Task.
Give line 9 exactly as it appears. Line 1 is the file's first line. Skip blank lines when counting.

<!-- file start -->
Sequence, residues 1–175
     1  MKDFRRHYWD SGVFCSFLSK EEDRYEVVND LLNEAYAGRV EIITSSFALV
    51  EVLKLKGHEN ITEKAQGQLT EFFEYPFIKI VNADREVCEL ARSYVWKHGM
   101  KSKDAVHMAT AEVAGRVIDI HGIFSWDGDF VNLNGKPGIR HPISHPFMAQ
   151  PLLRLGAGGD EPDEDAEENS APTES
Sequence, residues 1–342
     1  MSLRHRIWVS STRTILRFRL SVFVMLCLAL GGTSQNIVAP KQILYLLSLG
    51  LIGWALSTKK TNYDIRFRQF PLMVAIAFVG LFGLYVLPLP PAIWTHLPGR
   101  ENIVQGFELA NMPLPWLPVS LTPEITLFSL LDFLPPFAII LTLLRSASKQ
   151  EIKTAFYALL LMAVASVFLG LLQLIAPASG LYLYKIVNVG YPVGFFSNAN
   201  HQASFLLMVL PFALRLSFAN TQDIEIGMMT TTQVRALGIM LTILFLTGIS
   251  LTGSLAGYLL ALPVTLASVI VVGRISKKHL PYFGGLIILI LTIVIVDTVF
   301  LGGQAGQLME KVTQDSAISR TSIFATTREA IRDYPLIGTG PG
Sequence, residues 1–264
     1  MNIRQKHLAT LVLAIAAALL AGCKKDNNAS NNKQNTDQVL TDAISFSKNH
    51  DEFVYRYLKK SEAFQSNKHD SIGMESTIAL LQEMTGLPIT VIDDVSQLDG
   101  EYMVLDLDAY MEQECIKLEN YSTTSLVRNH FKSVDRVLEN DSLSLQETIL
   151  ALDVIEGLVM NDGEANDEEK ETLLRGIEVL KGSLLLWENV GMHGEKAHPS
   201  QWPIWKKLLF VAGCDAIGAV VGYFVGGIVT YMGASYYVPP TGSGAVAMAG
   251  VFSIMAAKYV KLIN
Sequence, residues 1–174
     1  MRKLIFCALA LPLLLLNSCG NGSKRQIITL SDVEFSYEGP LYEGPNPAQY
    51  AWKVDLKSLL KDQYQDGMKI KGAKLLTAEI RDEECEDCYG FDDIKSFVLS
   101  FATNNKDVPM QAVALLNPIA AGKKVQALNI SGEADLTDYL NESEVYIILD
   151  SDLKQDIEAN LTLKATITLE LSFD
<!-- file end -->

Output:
   101  ENIVQGFELA NMPLPWLPVS LTPEITLFSL LDFLPPFAII LTLLRSASKQ